Students from the University of Maryland (UM) School of Pharmacy have been selected as a winner of the first-ever Script Your Future Medication Adherence Challenge for student pharmacists, a project of the National Consumers League (NCL), the National Association of Chain Drug Stores (NACDS) Foundation, and the American Association of Colleges of Pharmacy (AACP).
The Medication Adherence Challenge is part of a public awareness campaign launched in 2011 by NCL with more than 100 public and private stakeholder organizations, including the NACDS Foundation and AACP. The campaign, titled Script Your Future, seeks to raise awareness with patients about the importance of taking medication as directed.
Nearly three out of four Americans don't take their medications as directed and the results can be devastating, particularly for people with chronic conditions. More than one-third of medicine-related hospitalizations and almost 125,000 deaths in the United States each year are due to people not taking their medicine as directed. Medication adherence can lead to improved health and reduced health care costs.
The challenge was a coordinated initiative to engage student pharmacists in a public education effort on the importance of helping patients with chronic diseases take their medications as directed. More than 40,000 student pharmacists educated more than 250,000 individuals nationwide during the month of October.
"The goal is to educate the next generation of pharmacists to take a proactive role in encouraging patients to follow the instructions for taking their medication through medication adherence education," says Sally Greenberg, executive director of the NCL. "Students at schools of pharmacy participated in the challenge by engaging in community outreach activities to raise awareness about the health consequences of poor medication adherence, or not taking medication as directed."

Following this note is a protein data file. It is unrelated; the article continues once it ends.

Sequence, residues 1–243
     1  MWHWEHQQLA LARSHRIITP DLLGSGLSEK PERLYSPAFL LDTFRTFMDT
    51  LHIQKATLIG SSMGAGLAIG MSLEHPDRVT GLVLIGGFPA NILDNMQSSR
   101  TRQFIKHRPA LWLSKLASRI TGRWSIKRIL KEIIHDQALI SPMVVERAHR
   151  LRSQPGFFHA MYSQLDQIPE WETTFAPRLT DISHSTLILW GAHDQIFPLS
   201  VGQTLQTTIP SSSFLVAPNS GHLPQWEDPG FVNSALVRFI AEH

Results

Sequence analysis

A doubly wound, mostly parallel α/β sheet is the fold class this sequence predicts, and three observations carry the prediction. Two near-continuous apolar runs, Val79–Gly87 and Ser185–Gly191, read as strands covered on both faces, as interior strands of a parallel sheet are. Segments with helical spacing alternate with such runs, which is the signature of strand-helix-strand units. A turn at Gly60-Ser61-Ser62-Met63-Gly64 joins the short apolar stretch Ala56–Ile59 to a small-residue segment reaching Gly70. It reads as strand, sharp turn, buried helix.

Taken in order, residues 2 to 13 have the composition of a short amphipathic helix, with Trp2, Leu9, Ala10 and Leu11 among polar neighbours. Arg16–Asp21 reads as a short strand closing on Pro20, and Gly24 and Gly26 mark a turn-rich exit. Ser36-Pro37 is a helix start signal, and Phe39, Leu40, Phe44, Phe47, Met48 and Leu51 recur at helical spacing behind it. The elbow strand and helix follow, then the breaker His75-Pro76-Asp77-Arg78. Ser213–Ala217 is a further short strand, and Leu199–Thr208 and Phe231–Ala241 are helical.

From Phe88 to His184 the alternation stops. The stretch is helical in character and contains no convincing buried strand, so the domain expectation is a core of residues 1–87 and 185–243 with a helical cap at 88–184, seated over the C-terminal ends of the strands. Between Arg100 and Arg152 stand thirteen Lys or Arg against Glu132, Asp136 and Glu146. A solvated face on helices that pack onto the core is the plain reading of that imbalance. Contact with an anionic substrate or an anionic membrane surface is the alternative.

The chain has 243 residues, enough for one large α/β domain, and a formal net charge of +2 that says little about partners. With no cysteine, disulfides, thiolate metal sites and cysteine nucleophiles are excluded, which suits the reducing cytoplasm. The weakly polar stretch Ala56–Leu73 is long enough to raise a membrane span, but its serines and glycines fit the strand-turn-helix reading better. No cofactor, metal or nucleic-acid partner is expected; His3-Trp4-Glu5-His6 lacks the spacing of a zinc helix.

UM School of Pharmacy students, selected from 81 participating colleges and schools of pharmacy, received the Target Market Challenge Award. Led by Cherokee Layson-Wolf, PharmD, an associate professor of pharmacy practice and science, UM student pharmacists worked with the Script Your Future Baltimore Student Coalition to raise awareness and educate the public by participating in health fairs and other local events.
Students wore Script Your Future T-shirts, provided blood pressure screenings, and talked about medication management with attendees. During their pharmacy rotation program, these students worked with patients at local pharmacies to talk about the importance of taking their medications as prescribed, and distributed more than 800 medication wallet cards to patients.
"Various student organizations at the School of Pharmacy came together to make this campaign a success," says Layson-Wolf. "Without the collective support and participation of the groups and their belief in how important it is for people to take their medicines as directed, we would not have been able to reach as many people in Maryland as we did. Our students' enthusiasm for the campaign was unparalleled and is a testament to the dedication our student pharmacists have to helping patients."
"The University of Maryland School of Pharmacy is unique in that we had more than 10 student organizations come together to make the Medication Adherence Challenge a success," says Eric Wong, a third-year student pharmacist and president of the School's Student Government Association. "The caliber of our student leaders gave us an advantage as they strove to incorporate the adherence events into their normal community service and health fair initiatives."
"This was a project that I knew the student pharmacists at the University of Maryland would become passionate about, because not only are our students extremely dedicated to the community, but because of the opportunity to showcase the role pharmacists and student pharmacists have in maximizing patients' health," says Monique Mounce, a third-year student pharmacist and chief student coordinator for the Script Your Future Baltimore Student Coalition.
"Our student pharmacists take community service very seriously, contributing several thousand hours each year to public education efforts," says Natalie D. Eddington, PhD, FAAPS, FCP, professor and dean of the School of Pharmacy. "They have the wonderful capability of taking what they learn in the classroom and applying it to the real world, as seen through their success with the Medication Adherence Challeng. I am proud that our students' efforts have been recognized by the NCL, AACP and the NACDS Foundation and am sure that this honor will motivate them to do even more for our local community."